As landscape trees, cherries can puzzle and exasperate growers. Perfection of flowering may be elusive, with a common problem called "brown rot" affecting flowers and leaves. It appears on both edible and ornamental cherries growing on the wet side of the Cascades, caused by a fungus that results in blight.
The infection begins when fungal spores attack the flower buds of the cherry or plum as they begin to open in spring. Infected flowers wilt, turn brown, and die before unfolding fully. The dying flowers look crushed and have a grayish or brownish hue. Damaged blooms remain on the twigs after infection, and become covered with a grayish-brown fungal growth that is worsened by wet spring weather. If we have less rain than usual during April, this common fungal problem may be lessened, but it will spread with only a few wet days and presence of fungal material to initiate the infection. The fungus organism, Monilinia fructicola, grows best when the temperature is above 40 degrees and weather is damp. Another brown rot fungus, Monilinia laxa, appears at temperatures above 55 degrees. Often both types will exist on affected trees.
The fungal infection perpetuates itself by reproduction from affected blooms, leaves, and fruit hanging in the tree over the winter. Good clues to this disease are the crumbled old blossoms, dead twigs, and dead leaves that have remained on the plant through winter
Once established in the bloom, the infection may spread to twigs and shoots. Infected twigs develop sunken cankers that may have gumming at the margins. Leaves on the twig will die but will stay attached to the twig.
If the plant is a fruiting cherry, infection may not appear until after the fruit begins to ripen. Soft brownish spots on the fruit will gradually expand until the fruit is covered with gray-brown fungal spores. A cherry grower who has succeeded in preventing birds from eating the crop can certainly become discouraged when brown rot attacks the ripening fruit.
Now, just as cherry blooms are swelling and beginning to open, check the trees for dead looking areas and mummified fruit left from previous infections. Prune out as much of the affected and damaged parts as possible. It's easier to see them when the trees just begin bloom when it is easier to distinguish dead from living areas. Remove and destroy diseased twigs as you spot them, continuing to do this throughout the summer.
Don't compost this diseased material. (Cleaning out the dead material is obviously easier on a small tree than on a large 30-foot cherry. Many infections simply grow beyond the capacity of the gardener to deal with them. A professional pruner can help.) In addition to pruning to remove dead material, be sure to prune to open the tree to good air circulation, which will help it dry from rains.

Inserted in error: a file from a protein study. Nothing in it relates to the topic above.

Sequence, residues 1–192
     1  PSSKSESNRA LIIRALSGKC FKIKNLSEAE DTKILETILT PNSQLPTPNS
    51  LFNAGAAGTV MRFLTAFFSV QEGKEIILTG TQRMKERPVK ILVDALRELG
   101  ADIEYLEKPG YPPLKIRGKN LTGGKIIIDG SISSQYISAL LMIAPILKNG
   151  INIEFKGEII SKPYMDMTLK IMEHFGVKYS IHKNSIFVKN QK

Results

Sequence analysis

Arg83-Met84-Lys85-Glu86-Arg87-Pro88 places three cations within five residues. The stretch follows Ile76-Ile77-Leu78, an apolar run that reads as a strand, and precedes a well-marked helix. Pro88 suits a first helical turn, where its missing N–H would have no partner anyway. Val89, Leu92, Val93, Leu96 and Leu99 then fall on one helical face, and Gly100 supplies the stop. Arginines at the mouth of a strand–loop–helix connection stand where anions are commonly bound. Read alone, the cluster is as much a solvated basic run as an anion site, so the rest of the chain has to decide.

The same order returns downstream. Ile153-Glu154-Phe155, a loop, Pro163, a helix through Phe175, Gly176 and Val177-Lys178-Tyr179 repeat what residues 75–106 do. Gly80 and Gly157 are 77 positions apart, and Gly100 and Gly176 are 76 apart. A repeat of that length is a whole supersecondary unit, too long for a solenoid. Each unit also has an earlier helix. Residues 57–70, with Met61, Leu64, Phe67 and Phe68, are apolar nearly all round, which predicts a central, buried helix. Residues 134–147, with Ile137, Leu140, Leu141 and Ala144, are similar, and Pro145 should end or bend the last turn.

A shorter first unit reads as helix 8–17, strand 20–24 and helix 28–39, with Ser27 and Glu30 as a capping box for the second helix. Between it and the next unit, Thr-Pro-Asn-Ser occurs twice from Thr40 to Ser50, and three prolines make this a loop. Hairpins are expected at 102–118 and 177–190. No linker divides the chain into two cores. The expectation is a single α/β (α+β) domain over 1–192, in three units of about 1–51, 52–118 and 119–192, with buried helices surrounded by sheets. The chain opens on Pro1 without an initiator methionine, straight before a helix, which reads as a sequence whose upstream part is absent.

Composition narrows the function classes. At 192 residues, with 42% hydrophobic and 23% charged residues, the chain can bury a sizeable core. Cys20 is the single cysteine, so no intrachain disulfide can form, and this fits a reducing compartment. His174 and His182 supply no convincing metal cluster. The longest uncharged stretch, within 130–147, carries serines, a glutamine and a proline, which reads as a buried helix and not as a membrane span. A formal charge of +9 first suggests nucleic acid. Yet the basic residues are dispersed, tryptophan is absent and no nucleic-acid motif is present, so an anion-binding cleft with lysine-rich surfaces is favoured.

A few other good management tips can help with brown rot control. Rake and clean up under the tree during the summer to remove all fallen blossoms, leaves, and fruit. Keeping the ground raked of litter under fruit trees helps with all disease management. (rake up fallen apple leaves that show scab, for instance.).
Be sure to keep high nitrogen fertilizer away from cherry trees; WSU research reports that brown rot infection can be worse if the trees are heavily fertilized with nitrogen. A cherry tree located in a lawn that received a high nitrogen application (such as a 31-0-0) could be made more susceptible to brown rot. Use only moderate amounts of nitrogen fertilizer (such as one application per year of a 5-10-10 or none if the tree is growing normally.)
Some trees may coexist with symptoms and continue to bloom and fruit sufficiently. Gardeners can often avoid using fungicide on brown rot by simply keeping damage pruned out and garden litter cleaned up.
But if the tree is a prominent landscape specimen and damage is severe, and you choose to use fungicides, apply them at the correct time and in the correct sequence.
Spray the tree three times during the bloom period: suggested intervals are 'early, when you see red or pink showing on the buds'; one more spray when the tree is in full bloom, and a final spray after the petals have dropped.
Chemicals registered for home use include Daconil , Captan, and Spectracide Immunox. Check the label carefully for all instructions and be sure that cherries are listed on the label. If the cherry has edible fruit, it's necessary to find a product listing 'fruiting cherry.'
Copper fungicides are also registered for brown rot, but they aren't recommended for use in western Washington on the third spray after petals have fallen. Sulfur is not listed for use on brown rot in western Washington.
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